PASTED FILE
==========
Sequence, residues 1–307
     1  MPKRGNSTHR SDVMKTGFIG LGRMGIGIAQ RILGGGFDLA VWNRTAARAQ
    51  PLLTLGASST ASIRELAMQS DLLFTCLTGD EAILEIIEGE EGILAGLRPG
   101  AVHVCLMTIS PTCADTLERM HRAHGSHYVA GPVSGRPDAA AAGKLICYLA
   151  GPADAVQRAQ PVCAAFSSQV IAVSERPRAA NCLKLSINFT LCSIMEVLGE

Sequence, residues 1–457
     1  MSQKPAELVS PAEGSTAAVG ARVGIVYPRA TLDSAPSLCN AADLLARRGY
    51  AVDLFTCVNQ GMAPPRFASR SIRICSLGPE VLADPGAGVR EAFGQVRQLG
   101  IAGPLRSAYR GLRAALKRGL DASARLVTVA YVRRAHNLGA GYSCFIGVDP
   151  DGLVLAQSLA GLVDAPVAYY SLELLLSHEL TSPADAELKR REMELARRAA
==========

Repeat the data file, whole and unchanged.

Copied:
Sequence, residues 1–307
     1  MPKRGNSTHR SDVMKTGFIG LGRMGIGIAQ RILGGGFDLA VWNRTAARAQ
    51  PLLTLGASST ASIRELAMQS DLLFTCLTGD EAILEIIEGE EGILAGLRPG
   101  AVHVCLMTIS PTCADTLERM HRAHGSHYVA GPVSGRPDAA AAGKLICYLA
   151  GPADAVQRAQ PVCAAFSSQV IAVSERPRAA NCLKLSINFT LCSIMEVLGE

Sequence, residues 1–457
     1  MSQKPAELVS PAEGSTAAVG ARVGIVYPRA TLDSAPSLCN AADLLARRGY
    51  AVDLFTCVNQ GMAPPRFASR SIRICSLGPE VLADPGAGVR EAFGQVRQLG
   101  IAGPLRSAYR GLRAALKRGL DASARLVTVA YVRRAHNLGA GYSCFIGVDP
   151  DGLVLAQSLA GLVDAPVAYY SLELLLSHEL TSPADAELKR REMELARRAA